The Chronicles System is a d100 based role-playing system with a primary focus character skills. Characters do not gain levels or hit points as they grow more powerful. Instead, their skills become more defined and capable as the characters use them. Designed to be more "realistic" than other systems, combat is intended to be quick and lethal. Magic and psychic abilities are completely scalable, allowing players and game-keepers maximum freedom and creativity. For example, it is entirely possible for a "low-level" character to attempt a high-powered spell, although the difficulty and stamina cost will be exhausting.
The Chronicles System is primary tuned to play Steampunk genre games, but it has been designed to be very adaptable and it works very well for traditional Fantasy, Civil War era, Western, and Modern campaigns. Two genres that the system does not lend itself well towards are Super Hero campaigns and high-power games such as many White Wolf settings.
Chronicles System, like any other creative work available, draws inspiration from many sources. Call of Cthuhlu (Chaosium), Nephilim (Chaosium), Deadlands, Hackmaster (Kenzer Co.), and Conspiracy X are the biggest influences. Oh, and free stuff. This game was really inspired by the thought of giving things away FREE.
Shane Singleton is the lead designer of Chronicles System. A life-long gamer, I grew up on Nintendo, D&D (the boxed sets with the dice you had to color the numbers in), and playing soccer. He started creating the system back when he was a young pup of 18 years of age. In between college, owning his own business, working as a corporate slave, and playing in local bands, Shane somehow managed to sqeeze the time in to create a full-fledged game system. Needless to say, Shane doesn't sleep much.
The Chronicles system started back in 1995 when several of my friends and myself were in college. At the time, the only game systems we played were Call of Chthulhu and AD&D 2nd Edition. While we had fun, we craved something different. It really bothered me that a 7th level Fighter was able to get hit 10 times by a sword for maximum damage and still be able to function. While we didn't have any problems with Chaosium's Call of Cthulhu system (4th and 5th editions), sometimes we craved being able to play characters that could just kick some ass. We wanted badass AND fear AND skills.
We tried Nephilim, but I was the only one that seemed to love that system. To this day, I still swear by that system as it is one of the most elegantly designed game worlds with a top-notch game system to match. We tried Conspiracy X and what we discovered was a wonderful world concept wrapped in an obscure system. We tried Whispering Vault and discovered that making characters was fun, but the gameplay was so confusing we made up our own rules because we just didn't like the ones presented to us. So what was a disillusioned geek to do? I started writing down a wish-list of things I wanted to see in a game, both as a GM and as player. Quick combat, lethal combat, scalable magic, and a free-form character creation process. I wanted it all.
Thankfully, all of the original documentations of the early system are either lost or destroyed, because it was clunky, difficult to read, obscure, and so full of crappiness it really should have never seen the light of day. My friends were desperate for a game, so they put up with my crap. Then, I accidentally graduated. Yes, acccidentally. I was studying computer science and communications, and accidentally graduated with a degree in violin performance. Apparently I took too many electives. With the freedom of being a student well behind me, I had to get a haircut and a real job. I also had to give up gaming for several years.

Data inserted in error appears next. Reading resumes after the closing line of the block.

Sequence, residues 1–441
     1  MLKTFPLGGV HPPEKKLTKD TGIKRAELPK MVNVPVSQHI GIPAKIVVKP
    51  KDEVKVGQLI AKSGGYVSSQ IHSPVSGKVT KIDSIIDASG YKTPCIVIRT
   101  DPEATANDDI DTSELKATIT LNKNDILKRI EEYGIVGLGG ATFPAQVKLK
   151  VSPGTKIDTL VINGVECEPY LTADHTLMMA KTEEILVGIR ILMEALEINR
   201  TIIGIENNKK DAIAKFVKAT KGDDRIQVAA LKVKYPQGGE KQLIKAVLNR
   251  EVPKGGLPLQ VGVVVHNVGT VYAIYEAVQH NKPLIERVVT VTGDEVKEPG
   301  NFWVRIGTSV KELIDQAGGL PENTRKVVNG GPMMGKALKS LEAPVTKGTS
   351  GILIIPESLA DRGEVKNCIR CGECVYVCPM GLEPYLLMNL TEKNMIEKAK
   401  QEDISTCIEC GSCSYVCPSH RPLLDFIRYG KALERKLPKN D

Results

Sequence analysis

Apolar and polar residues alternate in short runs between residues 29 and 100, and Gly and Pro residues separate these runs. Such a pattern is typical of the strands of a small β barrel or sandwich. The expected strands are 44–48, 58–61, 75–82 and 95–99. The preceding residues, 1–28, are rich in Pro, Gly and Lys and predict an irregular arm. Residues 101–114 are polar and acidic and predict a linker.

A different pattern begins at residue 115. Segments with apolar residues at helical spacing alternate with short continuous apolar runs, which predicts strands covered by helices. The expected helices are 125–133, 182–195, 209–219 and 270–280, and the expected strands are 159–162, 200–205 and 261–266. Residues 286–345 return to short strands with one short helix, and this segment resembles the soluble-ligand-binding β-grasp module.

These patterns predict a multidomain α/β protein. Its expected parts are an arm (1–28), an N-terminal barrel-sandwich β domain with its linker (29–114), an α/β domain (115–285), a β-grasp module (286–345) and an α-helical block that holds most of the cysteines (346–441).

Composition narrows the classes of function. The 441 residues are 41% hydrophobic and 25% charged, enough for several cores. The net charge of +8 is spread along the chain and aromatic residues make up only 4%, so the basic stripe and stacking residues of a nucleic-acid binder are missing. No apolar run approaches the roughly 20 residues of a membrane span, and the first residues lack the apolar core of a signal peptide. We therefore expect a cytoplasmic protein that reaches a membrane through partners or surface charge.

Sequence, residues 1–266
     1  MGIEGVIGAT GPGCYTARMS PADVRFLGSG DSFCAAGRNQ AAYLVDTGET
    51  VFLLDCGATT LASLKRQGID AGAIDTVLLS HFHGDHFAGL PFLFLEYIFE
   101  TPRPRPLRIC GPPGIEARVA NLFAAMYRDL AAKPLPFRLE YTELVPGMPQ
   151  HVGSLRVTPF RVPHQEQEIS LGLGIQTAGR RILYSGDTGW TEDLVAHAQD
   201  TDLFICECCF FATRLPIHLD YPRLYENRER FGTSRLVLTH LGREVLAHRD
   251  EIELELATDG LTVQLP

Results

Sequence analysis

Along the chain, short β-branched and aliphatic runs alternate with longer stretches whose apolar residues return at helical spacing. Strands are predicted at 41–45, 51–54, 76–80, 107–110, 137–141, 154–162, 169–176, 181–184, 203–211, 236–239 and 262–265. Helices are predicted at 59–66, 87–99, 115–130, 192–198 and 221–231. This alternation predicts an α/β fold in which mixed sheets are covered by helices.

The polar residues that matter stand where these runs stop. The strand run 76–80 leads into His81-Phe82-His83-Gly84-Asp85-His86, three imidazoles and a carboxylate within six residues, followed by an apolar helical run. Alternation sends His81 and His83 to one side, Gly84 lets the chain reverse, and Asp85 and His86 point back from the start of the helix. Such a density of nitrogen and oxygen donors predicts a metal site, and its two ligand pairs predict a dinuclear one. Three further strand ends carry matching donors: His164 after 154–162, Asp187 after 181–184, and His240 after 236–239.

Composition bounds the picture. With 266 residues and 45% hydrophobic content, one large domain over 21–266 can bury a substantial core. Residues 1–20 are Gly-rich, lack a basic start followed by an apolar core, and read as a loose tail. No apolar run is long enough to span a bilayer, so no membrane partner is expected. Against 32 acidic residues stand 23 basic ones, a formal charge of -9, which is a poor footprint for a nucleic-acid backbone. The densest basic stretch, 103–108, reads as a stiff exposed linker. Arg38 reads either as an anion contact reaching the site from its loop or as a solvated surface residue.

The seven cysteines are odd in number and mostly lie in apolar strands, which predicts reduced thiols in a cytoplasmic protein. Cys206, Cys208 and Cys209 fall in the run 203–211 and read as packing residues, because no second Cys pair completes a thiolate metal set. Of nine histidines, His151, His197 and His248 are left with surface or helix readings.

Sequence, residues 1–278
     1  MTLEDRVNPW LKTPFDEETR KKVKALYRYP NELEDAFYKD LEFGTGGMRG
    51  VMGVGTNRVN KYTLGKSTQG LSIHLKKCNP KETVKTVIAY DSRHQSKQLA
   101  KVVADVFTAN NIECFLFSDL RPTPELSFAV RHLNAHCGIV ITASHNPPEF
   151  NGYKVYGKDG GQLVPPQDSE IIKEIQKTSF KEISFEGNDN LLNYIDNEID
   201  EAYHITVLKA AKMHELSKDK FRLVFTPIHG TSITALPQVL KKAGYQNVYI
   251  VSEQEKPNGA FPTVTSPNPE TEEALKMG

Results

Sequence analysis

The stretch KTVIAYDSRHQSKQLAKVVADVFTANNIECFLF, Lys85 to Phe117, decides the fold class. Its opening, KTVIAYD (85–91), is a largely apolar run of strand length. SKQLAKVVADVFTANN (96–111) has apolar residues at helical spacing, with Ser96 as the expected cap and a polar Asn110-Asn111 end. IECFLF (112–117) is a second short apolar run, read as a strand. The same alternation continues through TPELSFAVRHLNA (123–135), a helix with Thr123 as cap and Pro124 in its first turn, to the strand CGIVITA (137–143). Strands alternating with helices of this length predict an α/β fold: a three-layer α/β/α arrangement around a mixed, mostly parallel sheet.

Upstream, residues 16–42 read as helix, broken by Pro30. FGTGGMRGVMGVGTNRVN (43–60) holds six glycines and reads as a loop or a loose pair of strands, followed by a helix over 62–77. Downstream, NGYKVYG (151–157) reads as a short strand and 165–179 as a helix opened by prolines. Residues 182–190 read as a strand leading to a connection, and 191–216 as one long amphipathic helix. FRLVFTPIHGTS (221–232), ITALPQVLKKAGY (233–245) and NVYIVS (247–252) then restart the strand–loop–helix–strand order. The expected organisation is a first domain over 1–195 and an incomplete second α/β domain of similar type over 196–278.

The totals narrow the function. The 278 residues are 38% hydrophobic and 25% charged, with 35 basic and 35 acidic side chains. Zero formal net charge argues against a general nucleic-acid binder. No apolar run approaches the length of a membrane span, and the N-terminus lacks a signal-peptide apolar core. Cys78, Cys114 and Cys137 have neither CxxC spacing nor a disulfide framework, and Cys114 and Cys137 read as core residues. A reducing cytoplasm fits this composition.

In late 1999, while I owned my video game store, I broke out the old documentation and said to myself, "This sucks... I can do better." So in between customers, I started out rewriting everything I had done. I changed the system to use d100 base instead of a multi-d6 style system. Playtesting with Matt, Pat, Miranda, Josh, and Dusty commenced somewhere in the middle of 2000. Version 1. It wasn't perfect, but it worked. It had a lot of flaws, but we were having fun. I closed my store and took a corporate job, but I didn't stop writing. In fact, I wrote more than ever.
In 2002, I filed for copyright protection on the Chronicles System after completing Version 2. Version 2 saw a much larger number of playtesters. Matt, Pat, Miranda, Thea, Jeff, Jon, John, Ken, Aaron, Chris, Jackman, Joshie, Kravick, Derek, Aaron, and a few other people I can't remember. At the time I was thinking of how to make money with the game. Then something happened. Sometime in 2004, I decided I wanted to distribute the game free on the web. So I started converting Version 2 into HTML, but the sheer size of the book (200+ pages) was simply a daunting task to convert to HTML. Then I decided that I wanted the website to be indexed and searchable. Starting July 2005, I decided rewrite the system again. But instead of writing a book, I was going to write a program and database containing all of the rules and information needed to play.
Thus evolved Chonicles System-Version 3. An indexed, cross-referenced, real-time game system. At any given time, the online version will be updated and accurate. If we make a correction, it is available to everyone immediately. There will be no need to buy a 3rd edition or 4th edition or 17th edition book. It's a dream, but an attainable dream. At this time, the software is not complete yet. Neither is the data entry. Over 15,000 lines of code are currently involved and thousands of database entries are complete. By the time the project is done, I expect it to require approximately 30,000 lines of code and 20,000 lines of database entry. Not too bad, really.